Article Text

ARE PRETERM SGA AT HIGHER RISK FOR PARENTERAL NUTRITION ASSOCIATED CHOLESTASIS?
  1. S Costa1,
  2. L Maggio1,
  3. P Sindico1,
  4. F Cota1,
  5. F Gallini1,
  6. M P DeCarolis1,
  7. C Romagnoli1
  1. 1NICU, Department of Pediatrics, Catholic University, Rome, Italy

Abstract

Background Parenteral nutrition associated cholestasis (PNAC) is one of the most alarming disease of prematurity and SGA infants seem to be more prone to this complication.

Objective To assess the role of intrauterine growth retardation on PNAC development.

Methods Records of VLBW infants admitted to our NICU during the last 10 years and exposed to parenteral nutrition >14 days were reviewed. PNAC was defined by direct bilirubin >2.0 mg/dl. Clinical data and nutritional intakes were compared between infants who developed CNAP and controls.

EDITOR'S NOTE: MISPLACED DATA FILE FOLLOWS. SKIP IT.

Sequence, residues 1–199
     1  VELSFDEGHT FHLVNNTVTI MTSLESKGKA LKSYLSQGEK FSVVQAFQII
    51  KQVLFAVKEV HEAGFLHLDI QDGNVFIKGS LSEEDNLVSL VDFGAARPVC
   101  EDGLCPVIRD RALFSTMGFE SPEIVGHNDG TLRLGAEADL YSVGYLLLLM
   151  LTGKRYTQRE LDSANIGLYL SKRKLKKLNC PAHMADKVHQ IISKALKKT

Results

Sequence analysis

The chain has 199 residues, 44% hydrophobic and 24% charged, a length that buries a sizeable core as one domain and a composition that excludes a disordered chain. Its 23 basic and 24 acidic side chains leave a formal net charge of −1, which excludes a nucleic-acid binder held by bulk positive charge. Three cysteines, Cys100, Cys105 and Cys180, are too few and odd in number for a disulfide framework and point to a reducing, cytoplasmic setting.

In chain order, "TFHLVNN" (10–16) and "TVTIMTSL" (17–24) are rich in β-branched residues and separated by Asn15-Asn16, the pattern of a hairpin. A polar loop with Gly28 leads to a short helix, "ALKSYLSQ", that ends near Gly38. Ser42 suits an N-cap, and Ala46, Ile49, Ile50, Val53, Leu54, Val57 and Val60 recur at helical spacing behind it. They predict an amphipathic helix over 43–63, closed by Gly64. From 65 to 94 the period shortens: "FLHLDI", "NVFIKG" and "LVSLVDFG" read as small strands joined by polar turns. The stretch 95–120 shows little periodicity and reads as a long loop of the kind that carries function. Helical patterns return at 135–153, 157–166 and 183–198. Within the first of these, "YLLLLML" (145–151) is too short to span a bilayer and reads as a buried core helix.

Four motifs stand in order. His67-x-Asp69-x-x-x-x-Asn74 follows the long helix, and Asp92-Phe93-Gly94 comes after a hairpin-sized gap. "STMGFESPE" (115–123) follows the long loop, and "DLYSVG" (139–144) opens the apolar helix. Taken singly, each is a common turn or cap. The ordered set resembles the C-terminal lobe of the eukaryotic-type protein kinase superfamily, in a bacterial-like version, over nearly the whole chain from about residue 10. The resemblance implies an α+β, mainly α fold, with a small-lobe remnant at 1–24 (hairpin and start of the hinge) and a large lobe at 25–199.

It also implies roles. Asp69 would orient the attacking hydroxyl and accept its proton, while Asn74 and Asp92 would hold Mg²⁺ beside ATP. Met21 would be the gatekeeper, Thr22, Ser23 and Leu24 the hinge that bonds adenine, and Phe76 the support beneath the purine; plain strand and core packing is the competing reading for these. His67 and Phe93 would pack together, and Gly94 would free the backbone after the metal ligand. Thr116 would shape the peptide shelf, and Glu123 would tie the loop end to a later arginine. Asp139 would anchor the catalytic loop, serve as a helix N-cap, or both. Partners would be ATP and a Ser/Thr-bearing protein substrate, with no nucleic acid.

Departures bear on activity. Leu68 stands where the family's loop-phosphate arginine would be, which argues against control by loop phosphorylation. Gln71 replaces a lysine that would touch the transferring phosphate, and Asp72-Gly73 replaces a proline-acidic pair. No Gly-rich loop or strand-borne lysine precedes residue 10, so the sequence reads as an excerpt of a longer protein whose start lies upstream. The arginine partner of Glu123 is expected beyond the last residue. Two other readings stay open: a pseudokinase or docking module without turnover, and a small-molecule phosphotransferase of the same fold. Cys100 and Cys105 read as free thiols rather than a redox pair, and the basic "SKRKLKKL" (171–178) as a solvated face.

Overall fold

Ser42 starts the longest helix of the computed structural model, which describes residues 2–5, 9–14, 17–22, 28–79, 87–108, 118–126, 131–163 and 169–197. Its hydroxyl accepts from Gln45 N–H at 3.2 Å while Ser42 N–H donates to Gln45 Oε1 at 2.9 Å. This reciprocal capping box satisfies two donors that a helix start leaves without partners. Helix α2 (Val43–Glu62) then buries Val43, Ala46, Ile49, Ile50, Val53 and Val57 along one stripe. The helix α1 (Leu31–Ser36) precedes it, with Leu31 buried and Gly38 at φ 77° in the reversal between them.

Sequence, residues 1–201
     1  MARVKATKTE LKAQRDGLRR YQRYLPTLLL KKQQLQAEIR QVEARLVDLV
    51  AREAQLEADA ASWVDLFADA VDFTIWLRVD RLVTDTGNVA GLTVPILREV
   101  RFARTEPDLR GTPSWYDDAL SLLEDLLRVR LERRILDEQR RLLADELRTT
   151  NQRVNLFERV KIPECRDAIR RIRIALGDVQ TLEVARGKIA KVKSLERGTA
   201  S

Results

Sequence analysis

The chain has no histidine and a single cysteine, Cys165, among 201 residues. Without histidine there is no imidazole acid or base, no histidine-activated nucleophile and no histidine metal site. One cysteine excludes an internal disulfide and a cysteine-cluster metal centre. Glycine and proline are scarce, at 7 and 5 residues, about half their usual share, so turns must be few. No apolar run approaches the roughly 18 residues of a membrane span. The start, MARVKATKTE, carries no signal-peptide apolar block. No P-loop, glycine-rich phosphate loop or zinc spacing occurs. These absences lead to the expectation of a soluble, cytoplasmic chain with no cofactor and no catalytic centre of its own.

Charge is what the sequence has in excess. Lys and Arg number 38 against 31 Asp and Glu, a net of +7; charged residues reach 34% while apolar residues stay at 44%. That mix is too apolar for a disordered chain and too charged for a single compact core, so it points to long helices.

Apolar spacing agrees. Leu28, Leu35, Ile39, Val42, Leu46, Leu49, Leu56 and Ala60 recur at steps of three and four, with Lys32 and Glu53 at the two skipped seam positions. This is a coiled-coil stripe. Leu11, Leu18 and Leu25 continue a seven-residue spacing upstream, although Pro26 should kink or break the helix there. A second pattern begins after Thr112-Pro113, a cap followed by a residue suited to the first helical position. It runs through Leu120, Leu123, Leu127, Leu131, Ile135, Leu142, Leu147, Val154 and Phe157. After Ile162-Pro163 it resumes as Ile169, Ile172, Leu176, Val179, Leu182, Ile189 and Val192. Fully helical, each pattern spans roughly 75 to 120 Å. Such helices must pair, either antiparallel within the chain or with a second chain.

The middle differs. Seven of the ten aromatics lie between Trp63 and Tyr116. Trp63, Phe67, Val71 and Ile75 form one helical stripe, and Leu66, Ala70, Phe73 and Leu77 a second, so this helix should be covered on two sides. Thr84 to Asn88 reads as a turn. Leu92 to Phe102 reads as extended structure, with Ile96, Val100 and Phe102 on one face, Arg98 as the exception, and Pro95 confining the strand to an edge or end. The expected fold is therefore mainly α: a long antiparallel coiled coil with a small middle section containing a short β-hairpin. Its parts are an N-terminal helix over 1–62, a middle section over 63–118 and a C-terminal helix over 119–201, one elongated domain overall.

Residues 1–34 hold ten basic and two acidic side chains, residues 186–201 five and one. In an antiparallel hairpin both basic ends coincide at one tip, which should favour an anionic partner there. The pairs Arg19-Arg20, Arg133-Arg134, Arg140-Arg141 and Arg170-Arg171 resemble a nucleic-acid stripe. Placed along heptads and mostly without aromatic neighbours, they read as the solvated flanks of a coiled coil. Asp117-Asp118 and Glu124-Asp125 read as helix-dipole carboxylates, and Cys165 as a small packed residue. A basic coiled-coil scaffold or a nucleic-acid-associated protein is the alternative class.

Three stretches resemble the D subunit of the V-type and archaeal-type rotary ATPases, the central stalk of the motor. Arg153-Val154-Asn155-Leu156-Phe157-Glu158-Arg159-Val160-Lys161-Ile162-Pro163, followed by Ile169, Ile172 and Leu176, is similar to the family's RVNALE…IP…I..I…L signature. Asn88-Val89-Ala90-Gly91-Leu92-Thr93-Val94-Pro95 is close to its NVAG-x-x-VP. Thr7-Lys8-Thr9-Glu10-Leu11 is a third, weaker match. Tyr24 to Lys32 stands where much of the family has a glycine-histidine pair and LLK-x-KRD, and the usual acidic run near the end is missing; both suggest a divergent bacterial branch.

Results Among 446 selected infants, 55 (12.3%) developed PNAC; these infants had lower BW (850±274 vs 1052±238 g) and lower GA (27.4±2.5 vs 28.7±2.3 wks). The prevalence of SGA infants (30.9 vs 28.6% BW<10th percentile; 12.7 vs 10% BW<3rd percentile) and BW z-score (−0.82±1.17 vs −0.60±1.11) were similar in the two groups. During the first 28 days of life PNAC infants received lower amount of enteral fluids (25.8±20.7 vs 67.9±33.0 ml/Kg) and higher intakes (g/kg/d) of intravenous glucose (10.6±1.3 vs 7.5±2.5), lipids (1.8±0.4 vs 1.3±0.5) and protein (2.7±0.5 vs 1.9±0.7). PNAC group required more days of mechanical ventilation (12.1±11.4 vs 5.1±4.4) and oxygen (18.4±9.6 vs 9.6±6.3). Multiple logistic regression analysis identified enteral fluid intakes at 21 days of life (OR 0.64; 95% CI 0.51 to 0.79) and oxygen days (OR 1.05; 95% CI 1.01 to 1.10) as the best independent pedictors for PNAC.

Conclusions Intrauterine growth retardation does not represent a significative risk factor for PNAC whereas our data support the preventive role of early enteral feeding.

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